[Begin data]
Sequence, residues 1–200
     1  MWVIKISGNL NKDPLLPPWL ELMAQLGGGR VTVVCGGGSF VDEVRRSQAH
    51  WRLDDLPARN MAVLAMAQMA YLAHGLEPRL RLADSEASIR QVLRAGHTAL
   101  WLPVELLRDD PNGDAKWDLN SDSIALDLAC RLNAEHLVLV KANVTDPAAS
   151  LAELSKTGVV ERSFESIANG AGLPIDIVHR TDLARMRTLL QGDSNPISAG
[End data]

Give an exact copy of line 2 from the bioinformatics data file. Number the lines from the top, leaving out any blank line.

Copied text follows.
     1  MWVIKISGNL NKDPLLPPWL ELMAQLGGGR VTVVCGGGSF VDEVRRSQAH